A new metaphor?

Do we really need a metaphorical model for the arts? We are economic animals, and arts animals, and also great users of metaphor as a way of understanding through analogy. We do this much more than you’d think, as George Lakoff and Mark Johnson have illustrated in their seminal Metaphors We Live By (University of Chicago Press, 1980). Metaphor is, of course, elemental to artistic practice but also fundamental to science, for all its claims to the contrary. We’ve inherited from the 19th century a reductionist world view where the body, nature and the psyche are interpreted metaphorically as machines, a system that comfortably accommodates the managerial model. However, alternatives are emerging: “Both the new physics with its stress on self-organising, spontaneous systems, and ecology, with its insistence on the primacy of relationality, are at least potential rivals to the mechanistic paradigm” (Peter Hay, Main Currents in Western Environmental Thought, UNSW Press, 2002).

The ecological metaphor is in the air, it trips off our tongues. It is everywhere in discussions of new media, live art, science and, yes, business (think of shared concepts like sustainability and diversification). In Resourcing Dance, “Maintaining a healthy dance ecology” is listed second to “Promoting individual talent” in the grouping of recommendations.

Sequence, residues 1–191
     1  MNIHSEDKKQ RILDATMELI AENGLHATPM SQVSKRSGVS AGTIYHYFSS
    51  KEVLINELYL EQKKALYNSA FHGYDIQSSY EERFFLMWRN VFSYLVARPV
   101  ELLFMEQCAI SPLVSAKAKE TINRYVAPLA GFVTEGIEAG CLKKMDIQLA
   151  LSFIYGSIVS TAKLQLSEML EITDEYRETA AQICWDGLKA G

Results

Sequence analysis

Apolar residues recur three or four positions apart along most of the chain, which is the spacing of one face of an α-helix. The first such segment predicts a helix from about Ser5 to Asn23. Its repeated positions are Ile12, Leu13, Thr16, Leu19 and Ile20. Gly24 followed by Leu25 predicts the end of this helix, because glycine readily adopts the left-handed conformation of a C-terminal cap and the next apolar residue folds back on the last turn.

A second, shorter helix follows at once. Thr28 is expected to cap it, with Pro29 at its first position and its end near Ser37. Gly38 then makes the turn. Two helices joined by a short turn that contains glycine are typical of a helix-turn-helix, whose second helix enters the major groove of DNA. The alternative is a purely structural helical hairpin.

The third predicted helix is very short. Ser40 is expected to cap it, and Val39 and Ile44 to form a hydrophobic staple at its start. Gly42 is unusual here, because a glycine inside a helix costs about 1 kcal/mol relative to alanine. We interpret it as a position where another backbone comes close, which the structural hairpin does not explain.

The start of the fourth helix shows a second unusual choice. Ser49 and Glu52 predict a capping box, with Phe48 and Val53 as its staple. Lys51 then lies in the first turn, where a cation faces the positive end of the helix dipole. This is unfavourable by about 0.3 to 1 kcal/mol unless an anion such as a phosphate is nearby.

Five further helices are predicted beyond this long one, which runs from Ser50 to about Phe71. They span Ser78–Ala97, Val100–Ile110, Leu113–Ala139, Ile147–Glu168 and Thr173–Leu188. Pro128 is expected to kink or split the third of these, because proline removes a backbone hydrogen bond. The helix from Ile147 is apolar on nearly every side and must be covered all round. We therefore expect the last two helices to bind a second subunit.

Ecology is about finding patterns in nature and explaining them, which is what we desperately need for the arts. The good thing about borrowing from ecology is that it entails history and it is interdisciplinary (it can incorporate aesthetic, scientific, psychological, business and economic models from which it sometimes borrows). Ecology explores ideas, like emergence theory, which could have some interesting things to say about the ‘bottom up’ arrival of new artforms, hybrids and art movements (see Dennis Johnson’s Emergence: the connected lives of ants, brains, cities and software, Penguin 2001). And an ecological approach has creative dimensions satisfying for artists. It can address art directly rather than at the second remove of outcomes in the business model. Nor is it simply a matter of analogy. In his book The Blank Slate (reviewed, RT60, p5) cognitive neuroscientist Stephen Pinker urges us, in a dialectic played out between nature and nurture, to address just how much our lives are genetically and instinctually determined—art no less than gender, or politics or violence.